Burgh House & Hampstead Museum is delighted to announce that it has been able to acquire work by Hampstead artist Lancelot Ribeiro (1933-2010), the subject of a past major retrospective at the House (26 October 2016-19 March 2017), which launched the HLF-funded Retracing Ribeiro project).
Art Fund, the national charity for art, has supported the acquisition of the painting Untitled (Townscape) 1964, a work of exceptional quality which shows hints of recognisable London landmarks.
In addition to Untitled (Townscape), Burgh House has added two more Ribeiro paintings to its collection:
Ribeiro’s highly experimental approach in both medium and artistic style is embodied in these three diverse paintings. As an artist whose output was closely tied with the borough, his work resonates with the Burgh House collection, whose focus is the history of Hampstead and its place within the broader city.
The artist’s daughter Marsha Ribeiro, who realised the 2016 exhibition at Burgh House and curated a nationwide programme to celebrate her father’s life and artistic legacy says:
“I am delighted that Art Fund has supported the acquisition of this miniature oil townscape for theBurgh House & Hampstead Museum. This painting, alongside the two other watercolour landscapes the museum has now acquired, epitomise my father’s innate experimental temperament and his ever-inventive approach to style and technique. Produced in Hampstead, I believe that these works have found their natural home in our local Burgh House which has long embraced Ribeiro’s work and cultural heritage.”
Burgh House curator Rebecca Lodge says:
“We are so grateful to Art Fund for their support in the acquisition of Untitled (Townscape) by Lancelot Ribeiro, and we’re delighted that Ribeiro is now represented in the Burgh House collection. The paintings enable us to tell more fully the story of this area and its inspirational cultural life.”
Indian artist Lancelot Ribeiro settled permanently in Belsize Park from 1964. He was not only a prolific artist in his own right, but he also supported the careers of fellow Indian artists, co-founding such groups as the Indian Painters Collective (1963), to Indian Artists UK (1978/79), and lectured for the Commonwealth Institute. Ribeiro brought the ‘Arts of India’ to Burgh House in an exhibition in 1980.
“It is this long-held association with the House that we want to celebrate through the acquisition of these remarkable works. Each are testament to a tangible progression in the artist’s work, and to the inspiration that he drew from his surroundings.”
Burgh House and Hampstead Museum is planning a series of workshops and learning opportunities to explore these new additions in2019, and it is in the preliminary stages of working with Marsha Ribeiro to curate a major new landscape exhibition based on these paintings for 2021.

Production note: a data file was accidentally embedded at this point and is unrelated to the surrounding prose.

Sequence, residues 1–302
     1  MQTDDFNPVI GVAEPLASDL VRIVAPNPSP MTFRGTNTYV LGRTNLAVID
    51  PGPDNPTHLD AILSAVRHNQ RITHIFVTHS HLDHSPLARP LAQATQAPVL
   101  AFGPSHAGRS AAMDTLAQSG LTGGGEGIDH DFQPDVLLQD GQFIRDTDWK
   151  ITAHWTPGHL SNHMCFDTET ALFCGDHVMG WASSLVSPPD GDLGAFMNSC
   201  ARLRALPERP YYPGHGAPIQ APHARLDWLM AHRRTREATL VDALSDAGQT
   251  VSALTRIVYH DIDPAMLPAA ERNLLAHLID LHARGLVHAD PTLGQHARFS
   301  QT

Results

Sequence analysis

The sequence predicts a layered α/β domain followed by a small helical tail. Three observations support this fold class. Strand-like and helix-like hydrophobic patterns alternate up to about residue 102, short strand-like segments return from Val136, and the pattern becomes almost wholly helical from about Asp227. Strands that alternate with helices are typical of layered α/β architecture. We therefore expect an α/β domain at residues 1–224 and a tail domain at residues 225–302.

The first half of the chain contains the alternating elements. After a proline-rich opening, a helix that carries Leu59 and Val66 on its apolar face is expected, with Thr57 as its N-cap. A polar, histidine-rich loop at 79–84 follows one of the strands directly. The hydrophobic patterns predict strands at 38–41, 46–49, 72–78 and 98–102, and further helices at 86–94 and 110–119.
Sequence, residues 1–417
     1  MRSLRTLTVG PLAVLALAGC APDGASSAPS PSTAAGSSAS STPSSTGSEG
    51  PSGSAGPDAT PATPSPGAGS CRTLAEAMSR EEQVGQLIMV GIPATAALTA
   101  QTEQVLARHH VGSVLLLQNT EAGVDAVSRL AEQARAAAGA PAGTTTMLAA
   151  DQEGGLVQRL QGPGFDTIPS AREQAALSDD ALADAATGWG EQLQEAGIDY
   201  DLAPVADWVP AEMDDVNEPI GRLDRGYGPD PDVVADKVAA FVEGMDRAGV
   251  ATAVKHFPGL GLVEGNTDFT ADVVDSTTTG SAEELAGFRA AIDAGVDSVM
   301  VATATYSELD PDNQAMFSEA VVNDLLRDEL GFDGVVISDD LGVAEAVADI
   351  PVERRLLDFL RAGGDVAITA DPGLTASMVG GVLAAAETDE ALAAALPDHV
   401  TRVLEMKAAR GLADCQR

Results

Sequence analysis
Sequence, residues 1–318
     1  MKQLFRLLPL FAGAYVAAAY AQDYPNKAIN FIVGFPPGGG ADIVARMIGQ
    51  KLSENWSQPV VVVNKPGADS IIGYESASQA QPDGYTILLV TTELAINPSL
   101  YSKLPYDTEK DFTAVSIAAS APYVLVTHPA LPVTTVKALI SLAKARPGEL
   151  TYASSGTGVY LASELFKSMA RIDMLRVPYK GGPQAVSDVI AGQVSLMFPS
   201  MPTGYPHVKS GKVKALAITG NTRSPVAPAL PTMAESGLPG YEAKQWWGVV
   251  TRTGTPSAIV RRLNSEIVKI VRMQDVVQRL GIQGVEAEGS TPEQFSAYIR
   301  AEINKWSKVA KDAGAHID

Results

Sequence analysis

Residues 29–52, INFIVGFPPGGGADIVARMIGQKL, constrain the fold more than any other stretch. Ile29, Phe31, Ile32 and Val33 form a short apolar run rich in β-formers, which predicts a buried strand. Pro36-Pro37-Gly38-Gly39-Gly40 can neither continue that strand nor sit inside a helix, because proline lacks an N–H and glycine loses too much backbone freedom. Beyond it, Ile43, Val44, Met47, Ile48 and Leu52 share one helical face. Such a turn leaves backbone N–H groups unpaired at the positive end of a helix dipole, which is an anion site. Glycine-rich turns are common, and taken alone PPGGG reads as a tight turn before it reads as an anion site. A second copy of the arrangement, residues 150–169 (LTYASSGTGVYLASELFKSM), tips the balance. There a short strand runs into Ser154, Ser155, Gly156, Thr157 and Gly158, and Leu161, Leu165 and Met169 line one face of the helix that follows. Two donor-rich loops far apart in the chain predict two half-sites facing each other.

The three paintings will be on display in Burgh House’s first floor Christopher Wade room from 9 January 2019, and Marsha Ribeiro will speak about the significance of these works and their acquisition by Burgh House, in a short talk on Friday 1 February at 3pm.
For more information about these new acquisitions, please contact Rebecca Lodge, Burgh House Curator.
Telephone: 0207 431 0144
Burgh House is a dynamic arts centre, recital space, museum, gallery, gift shop, private hire venue and home to many long established Hampstead societies. The House is run by a small, independent, self-funded charity. A fine Grade I listed Queen Anne mansion built in 1704, residents have ranged from artisans, bankers, politicians and clergymen, to Hampstead’s most famous spa physician and RudyardKipling’s daughter. The House was even used for a brief spell as a militia headquarters. Burgh House andHampstead Museum holds a collection of over 4,000 documents, objects, photographs and artworks, and has a permanent display that charts the history of Hampstead, as well as two rooms for temporary exhibitions. Burgh House runs an extensive programme of education and events for all tastes and ages.The licensed Buttery Café is a popular meeting place, serving homemade seasonal dishes and afternoon tea. The modern Peggy Jay Gallery hosts regularly changing contemporary art exhibitions by local and international artists.
Art Fund is the national fundraising charity for art. In the past five years alone Art Fund has given £34million to help museums and galleries acquire works of art for their collections. It also helps museums share their collections with wider audiences by supporting a range of tours and exhibitions, and makes additional grants to support the training and professional development of curators. Art Fund is independently funded, with the core of its income provided by 139,000 members who receive the National Art Pass and enjoy free entry to over 240 museums, galleries and historic places across the UK, as well as 50% off entry to major exhibitions and subscription to Art Quarterly magazine. In addition to grant-giving, Art Fund’s support for museums includes Art Fund Museum of the Year (won by Tate St Ives in 2018) and a range of digital platforms.